The V-Chip: An Overview
What is a V-chip? This term has become a buzz word for any discussion evolving telecommunications regulation and television ratings, but not too many reports define the new technology in its fullest form. A basic definition of the V-chip; is a microprocessor that can decipher information sent in the vertical blanking of the NTSC signal, purposefully for the control of violent or controversial subject matter. Yet, the span of the new chip is much greater than any working definition can encompass. A discussion of the V-chip must include a consideration of the technical and ethical issues, in addition to examining the constitutionally of any law that might concern standards set by the US government. Yet in the space provided for this essay, the focus will be the technical aspects and costs of the new chip. It is impossible to generally assume that the V-chip will solve the violence problem of broadcast television or that adding this little device to every set will be a first amendment infringement. We can, however, find clues through examining the cold facts of broadcast television and the impact of a mandatory regulation on that free broadcast. "Utilizing the EIA's Recommended Practice for Line 21 Data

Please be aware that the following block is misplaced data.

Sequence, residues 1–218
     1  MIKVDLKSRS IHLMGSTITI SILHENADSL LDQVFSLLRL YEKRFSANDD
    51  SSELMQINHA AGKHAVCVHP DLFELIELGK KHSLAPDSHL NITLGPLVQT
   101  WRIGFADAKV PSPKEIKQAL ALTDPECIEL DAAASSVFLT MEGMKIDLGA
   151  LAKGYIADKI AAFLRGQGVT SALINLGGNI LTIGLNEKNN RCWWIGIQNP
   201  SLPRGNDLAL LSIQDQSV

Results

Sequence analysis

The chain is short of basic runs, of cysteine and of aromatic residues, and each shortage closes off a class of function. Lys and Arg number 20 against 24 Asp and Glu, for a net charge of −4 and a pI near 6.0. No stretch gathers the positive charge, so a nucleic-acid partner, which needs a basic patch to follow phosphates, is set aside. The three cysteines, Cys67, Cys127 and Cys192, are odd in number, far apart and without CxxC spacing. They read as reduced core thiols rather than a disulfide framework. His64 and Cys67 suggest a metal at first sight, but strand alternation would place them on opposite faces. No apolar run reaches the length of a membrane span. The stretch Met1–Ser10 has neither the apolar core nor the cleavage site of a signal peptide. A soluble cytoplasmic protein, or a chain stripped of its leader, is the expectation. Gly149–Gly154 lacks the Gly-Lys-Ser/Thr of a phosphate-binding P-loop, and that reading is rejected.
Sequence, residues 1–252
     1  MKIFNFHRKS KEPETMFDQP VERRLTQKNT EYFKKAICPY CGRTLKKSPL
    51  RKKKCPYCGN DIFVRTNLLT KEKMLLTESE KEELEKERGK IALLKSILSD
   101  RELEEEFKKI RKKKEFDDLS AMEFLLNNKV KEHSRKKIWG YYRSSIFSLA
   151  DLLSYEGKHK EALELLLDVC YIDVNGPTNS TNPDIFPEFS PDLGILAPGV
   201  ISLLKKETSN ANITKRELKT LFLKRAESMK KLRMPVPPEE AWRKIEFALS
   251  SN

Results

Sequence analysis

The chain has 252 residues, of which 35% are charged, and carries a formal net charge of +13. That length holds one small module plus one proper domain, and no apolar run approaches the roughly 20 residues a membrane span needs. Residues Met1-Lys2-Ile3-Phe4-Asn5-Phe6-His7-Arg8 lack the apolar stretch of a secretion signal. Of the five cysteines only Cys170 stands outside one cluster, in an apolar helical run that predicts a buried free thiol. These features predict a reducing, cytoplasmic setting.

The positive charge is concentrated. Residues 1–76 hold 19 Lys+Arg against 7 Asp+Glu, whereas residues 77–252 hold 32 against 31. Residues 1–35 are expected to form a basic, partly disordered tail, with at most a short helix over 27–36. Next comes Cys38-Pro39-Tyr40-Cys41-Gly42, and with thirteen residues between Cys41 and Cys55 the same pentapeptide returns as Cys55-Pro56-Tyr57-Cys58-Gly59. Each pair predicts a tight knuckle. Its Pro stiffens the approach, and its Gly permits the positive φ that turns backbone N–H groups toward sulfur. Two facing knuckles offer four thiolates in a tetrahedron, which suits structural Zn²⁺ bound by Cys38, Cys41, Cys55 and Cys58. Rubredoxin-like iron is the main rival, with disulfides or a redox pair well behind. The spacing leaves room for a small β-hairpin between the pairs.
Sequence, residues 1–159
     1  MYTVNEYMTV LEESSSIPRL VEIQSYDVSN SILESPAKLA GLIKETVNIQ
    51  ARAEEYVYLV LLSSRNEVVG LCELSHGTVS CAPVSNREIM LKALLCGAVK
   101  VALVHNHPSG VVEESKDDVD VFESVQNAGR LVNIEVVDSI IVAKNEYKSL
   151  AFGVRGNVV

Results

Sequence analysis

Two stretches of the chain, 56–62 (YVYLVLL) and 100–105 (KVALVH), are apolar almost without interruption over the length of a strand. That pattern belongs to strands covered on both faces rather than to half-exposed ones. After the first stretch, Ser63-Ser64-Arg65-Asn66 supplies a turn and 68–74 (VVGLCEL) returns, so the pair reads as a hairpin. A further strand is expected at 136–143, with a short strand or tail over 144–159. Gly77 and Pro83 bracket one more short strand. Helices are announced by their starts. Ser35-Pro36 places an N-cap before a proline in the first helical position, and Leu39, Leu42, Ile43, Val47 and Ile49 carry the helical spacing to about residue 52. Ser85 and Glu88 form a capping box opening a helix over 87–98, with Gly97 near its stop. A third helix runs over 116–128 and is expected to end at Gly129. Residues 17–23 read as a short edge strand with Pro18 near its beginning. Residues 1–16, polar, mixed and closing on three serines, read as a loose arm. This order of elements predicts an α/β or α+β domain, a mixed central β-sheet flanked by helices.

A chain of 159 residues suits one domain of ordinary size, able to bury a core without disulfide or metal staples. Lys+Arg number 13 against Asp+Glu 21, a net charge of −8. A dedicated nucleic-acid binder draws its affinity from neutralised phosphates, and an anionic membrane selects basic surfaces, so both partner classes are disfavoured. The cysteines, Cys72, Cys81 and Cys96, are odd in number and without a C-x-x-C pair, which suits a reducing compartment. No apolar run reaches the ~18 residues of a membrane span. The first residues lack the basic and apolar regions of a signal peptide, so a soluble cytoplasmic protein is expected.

Service(EIA-608) specification, these chips decode EDS (Extended Data
Services)program ratings, compare these ratings to viewer standards, and can be programmed to take a variety of actions, including complete blanking of programs." Is one definition of the V-chip from Al Marquis of Zilog Technology.
The FCC or Capitol Hill has not set any standards for V-chip technology; this has allowed many different companies to construct chips that are similar yet not exact or possibly not compatible. Each chip has advantages and disadvantages for the rating's system, soon to be developed. For example, some units use onscreen programming such as VCR's and the Zilog product do, while others are considering set top options. Also, different companies are using different